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Tags Current Affairs

Why MSMEs hit by the lockdown?

Date: 06 May 2020 Tags: Infrastructure


The Covid-19 pandemic has left its impact on all sectors of the economy but nowhere is the hurt as much as the Medium, Small and Micro Enterprises (MSMEs) of India. 



It has also been reported that just like the first relief package, called the PM Garib Kalyan Yojana, which was announced by the government on March 26, the second package, too, would primarily focus on the MSME sector.



  • Formally, MSMEs are defined in terms of investment in plant and machinery. But this criterion for the definition was long criticised because credible and precise details of investments were not easily available by authorities.

  • That is why in February 2018, the Union Cabinet decided to change the criterion to “annual turnover”, which was more in line with the imposition of GST.

  • According to the proposed definition, a micro enterprise will be one with an annual turnover less than Rs 5 crore; a small enterprise with turnover between Rs 5 crore and Rs 75 crore; and a medium enterprise with turnover less than Rs 250 crore.

  • According to the latest available (2018-19) Annual Report of Department of MSMEs, there are 6.34 crore MSMEs in the country. Around 51 per cent of these are situated in rural India. Together, they employ a little over 11 crore people but 55 per cent of the employment happens in the urban MSMEs.

  • These numbers suggest that, on average, less than two people are employed per MSME. At one level that gives a picture of how small these really are. But a breakup of all MSMEs into micro, small and medium categories is even more revealing.

  • The distribution of enterprise by caste further completes the picture. About 66 per cent of all MSMEs are owned by people belonging to the Scheduled Castes (12.5%), the Scheduled Tribes (4.1%) and Other Backward Classes (49.7%). The gender ratio among employees is largely consistent across the board at roughly 80% male and 20% female.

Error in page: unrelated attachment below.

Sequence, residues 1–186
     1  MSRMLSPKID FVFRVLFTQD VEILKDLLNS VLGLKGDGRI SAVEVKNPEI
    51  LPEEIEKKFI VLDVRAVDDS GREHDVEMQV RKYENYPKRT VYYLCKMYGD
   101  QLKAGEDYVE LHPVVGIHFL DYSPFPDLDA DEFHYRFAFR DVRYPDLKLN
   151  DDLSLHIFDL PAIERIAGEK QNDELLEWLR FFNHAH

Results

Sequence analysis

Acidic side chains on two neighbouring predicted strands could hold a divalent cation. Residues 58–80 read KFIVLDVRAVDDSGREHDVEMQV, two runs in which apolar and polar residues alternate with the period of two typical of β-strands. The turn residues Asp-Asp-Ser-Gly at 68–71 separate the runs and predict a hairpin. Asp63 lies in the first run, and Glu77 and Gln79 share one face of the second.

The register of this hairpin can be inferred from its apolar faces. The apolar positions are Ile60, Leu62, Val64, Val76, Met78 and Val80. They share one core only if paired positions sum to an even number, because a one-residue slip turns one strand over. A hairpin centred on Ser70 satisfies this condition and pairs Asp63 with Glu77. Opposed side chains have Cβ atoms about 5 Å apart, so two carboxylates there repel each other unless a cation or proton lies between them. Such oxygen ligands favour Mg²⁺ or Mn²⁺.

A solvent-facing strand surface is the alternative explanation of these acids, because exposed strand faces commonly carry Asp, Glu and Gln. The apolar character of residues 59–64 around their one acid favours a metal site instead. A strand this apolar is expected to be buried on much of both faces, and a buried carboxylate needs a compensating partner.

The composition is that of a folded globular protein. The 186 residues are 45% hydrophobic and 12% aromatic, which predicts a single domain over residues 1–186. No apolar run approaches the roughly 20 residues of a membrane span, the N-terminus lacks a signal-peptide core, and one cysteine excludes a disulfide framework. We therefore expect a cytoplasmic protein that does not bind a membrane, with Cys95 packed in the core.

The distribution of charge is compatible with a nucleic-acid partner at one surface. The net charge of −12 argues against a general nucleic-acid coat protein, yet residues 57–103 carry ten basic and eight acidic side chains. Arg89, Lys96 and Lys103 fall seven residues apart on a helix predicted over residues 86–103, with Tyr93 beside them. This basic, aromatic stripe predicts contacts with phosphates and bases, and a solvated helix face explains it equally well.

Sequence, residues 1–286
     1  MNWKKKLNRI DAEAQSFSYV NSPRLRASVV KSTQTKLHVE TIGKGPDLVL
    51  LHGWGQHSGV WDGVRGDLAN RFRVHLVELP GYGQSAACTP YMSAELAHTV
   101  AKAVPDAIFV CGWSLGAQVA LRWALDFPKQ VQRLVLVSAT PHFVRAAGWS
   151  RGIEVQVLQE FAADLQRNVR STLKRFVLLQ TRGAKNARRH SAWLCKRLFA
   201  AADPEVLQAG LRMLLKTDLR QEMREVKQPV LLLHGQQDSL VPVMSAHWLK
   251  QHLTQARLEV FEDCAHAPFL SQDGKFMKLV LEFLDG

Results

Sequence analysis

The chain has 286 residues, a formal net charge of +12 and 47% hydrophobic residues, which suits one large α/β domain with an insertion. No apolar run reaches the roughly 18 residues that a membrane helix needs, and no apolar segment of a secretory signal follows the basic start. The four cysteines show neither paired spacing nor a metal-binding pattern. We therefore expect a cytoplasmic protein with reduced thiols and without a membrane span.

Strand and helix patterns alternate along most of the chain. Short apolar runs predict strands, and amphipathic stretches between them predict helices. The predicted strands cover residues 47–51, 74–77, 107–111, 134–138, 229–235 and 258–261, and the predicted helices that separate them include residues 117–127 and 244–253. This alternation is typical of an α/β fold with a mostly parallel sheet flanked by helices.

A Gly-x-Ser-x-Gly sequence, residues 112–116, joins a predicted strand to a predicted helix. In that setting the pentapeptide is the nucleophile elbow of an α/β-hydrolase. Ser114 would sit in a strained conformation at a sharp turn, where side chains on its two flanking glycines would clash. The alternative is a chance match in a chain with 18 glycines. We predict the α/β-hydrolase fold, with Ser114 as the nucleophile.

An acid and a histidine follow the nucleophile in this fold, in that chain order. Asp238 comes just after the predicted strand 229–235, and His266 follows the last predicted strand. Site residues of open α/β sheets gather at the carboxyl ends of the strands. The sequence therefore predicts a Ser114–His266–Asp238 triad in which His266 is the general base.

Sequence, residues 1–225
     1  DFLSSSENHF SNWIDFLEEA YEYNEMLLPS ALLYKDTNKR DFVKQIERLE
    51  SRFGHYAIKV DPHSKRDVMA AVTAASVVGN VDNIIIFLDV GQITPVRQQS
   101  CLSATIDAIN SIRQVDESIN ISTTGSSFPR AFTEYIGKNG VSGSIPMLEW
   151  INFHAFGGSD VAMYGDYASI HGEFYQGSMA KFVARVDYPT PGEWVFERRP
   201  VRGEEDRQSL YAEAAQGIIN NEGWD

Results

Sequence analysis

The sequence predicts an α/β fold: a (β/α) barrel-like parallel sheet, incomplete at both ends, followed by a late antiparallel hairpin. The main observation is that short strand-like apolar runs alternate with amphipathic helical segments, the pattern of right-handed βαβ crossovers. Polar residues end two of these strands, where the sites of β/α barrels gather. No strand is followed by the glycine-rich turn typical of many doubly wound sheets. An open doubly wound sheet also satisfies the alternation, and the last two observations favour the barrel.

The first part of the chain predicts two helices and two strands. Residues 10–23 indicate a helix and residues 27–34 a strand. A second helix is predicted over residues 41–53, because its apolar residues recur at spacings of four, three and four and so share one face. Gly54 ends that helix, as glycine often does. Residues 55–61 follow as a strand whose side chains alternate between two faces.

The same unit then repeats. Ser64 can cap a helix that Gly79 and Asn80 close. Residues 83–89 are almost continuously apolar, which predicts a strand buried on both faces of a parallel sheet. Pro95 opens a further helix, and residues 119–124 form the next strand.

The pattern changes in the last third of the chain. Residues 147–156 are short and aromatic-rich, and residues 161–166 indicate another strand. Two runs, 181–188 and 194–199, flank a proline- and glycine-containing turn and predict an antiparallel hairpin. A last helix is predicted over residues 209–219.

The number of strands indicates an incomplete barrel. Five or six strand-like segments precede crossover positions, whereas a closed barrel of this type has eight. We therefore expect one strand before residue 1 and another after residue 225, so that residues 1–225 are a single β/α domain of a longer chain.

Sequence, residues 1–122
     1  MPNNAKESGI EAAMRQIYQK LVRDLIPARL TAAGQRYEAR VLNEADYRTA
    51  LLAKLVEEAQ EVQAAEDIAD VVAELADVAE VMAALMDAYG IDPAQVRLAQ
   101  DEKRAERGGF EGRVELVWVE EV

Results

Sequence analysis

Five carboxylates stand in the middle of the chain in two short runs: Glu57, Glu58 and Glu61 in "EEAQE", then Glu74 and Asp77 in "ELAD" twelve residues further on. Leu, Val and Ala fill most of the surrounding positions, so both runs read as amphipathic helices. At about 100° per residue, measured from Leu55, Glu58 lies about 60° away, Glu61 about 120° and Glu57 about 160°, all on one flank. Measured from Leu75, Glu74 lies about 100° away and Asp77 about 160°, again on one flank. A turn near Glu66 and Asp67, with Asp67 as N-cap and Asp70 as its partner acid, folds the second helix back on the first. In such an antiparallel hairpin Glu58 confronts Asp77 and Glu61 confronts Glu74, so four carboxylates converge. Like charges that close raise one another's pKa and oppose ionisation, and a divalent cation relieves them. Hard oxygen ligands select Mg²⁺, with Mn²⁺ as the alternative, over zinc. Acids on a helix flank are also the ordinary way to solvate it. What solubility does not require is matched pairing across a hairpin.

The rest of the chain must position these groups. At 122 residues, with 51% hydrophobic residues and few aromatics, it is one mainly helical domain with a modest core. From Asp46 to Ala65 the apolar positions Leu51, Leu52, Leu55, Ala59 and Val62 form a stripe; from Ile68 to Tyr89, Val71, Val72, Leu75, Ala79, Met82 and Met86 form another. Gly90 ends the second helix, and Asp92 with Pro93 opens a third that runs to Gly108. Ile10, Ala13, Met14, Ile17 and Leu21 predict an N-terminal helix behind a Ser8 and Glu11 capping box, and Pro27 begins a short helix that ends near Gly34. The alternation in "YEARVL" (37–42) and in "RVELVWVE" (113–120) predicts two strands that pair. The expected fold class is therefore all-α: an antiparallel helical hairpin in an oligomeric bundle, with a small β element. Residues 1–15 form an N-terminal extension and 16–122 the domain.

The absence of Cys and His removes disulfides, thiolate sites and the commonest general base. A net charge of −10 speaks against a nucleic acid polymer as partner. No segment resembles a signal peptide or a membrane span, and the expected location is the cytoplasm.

• In terms of geographical distribution, seven Indian states alone account for 50 per cent of all MSMEs. These are Uttar Pradesh (14%), West Bengal (14%), Tamil Nadu (8%), Maharashtra (8%), Karnataka (6%), Bihar (5%) and Andhra Pradesh (5%).

  • To begin with, most of them are not registered anywhere. A big reason for this is that they are just too small. Even GST has its threshold and most micro enterprises do not qualify.

  • According to a 2018 report by the International Finance Corporation (part of the World Bank), the formal banking system supplies less than one-third (or about Rs 11 lakh crore) of the credit MSME credit need that it can potentially fund.

  • Most of the MSME funding comes from informal sources and this fact is crucial because it explains why the Reserve Bank of India’s efforts to push more liquidity towards the MSMEs has had a limited impact.

  • The total lockdown has raised a question mark on the existence of many primarily because these are not firms that have too much cash to wait out the crisis. A big hurdle to restarting now is the lack of labour availability.

  • The government can provide tax relief (GST and corporate tax), give swifter refunds, and provide liquidity to rural India (say, through PM-Kisan) to boost demand for MSME products.

  • A credit guarantee by the government helps as it assures the bank that its loan will be repaid by the government in case the MSME falters.

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